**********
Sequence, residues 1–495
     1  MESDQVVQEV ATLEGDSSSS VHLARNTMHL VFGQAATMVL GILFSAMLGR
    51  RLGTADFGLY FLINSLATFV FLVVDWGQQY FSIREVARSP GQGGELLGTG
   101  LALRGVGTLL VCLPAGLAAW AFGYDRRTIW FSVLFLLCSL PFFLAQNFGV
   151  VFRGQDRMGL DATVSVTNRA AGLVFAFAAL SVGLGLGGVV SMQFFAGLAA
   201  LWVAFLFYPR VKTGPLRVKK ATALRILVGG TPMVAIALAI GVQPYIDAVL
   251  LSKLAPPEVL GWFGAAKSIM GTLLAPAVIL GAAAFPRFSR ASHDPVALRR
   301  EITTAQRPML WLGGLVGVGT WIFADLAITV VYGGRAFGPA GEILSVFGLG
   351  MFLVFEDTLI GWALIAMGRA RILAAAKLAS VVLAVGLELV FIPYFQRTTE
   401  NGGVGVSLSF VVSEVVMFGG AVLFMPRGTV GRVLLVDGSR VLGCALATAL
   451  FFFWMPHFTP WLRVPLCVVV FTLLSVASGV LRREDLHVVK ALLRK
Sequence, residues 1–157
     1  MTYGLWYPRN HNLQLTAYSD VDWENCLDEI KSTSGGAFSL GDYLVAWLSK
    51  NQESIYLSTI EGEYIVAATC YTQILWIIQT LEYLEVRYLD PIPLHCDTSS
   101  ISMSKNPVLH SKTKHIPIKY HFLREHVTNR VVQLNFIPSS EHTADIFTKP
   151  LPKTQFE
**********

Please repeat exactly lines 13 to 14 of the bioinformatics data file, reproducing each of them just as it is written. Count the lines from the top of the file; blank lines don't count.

     1  MTYGLWYPRN HNLQLTAYSD VDWENCLDEI KSTSGGAFSL GDYLVAWLSK
    51  NQESIYLSTI EGEYIVAATC YTQILWIIQT LEYLEVRYLD PIPLHCDTSS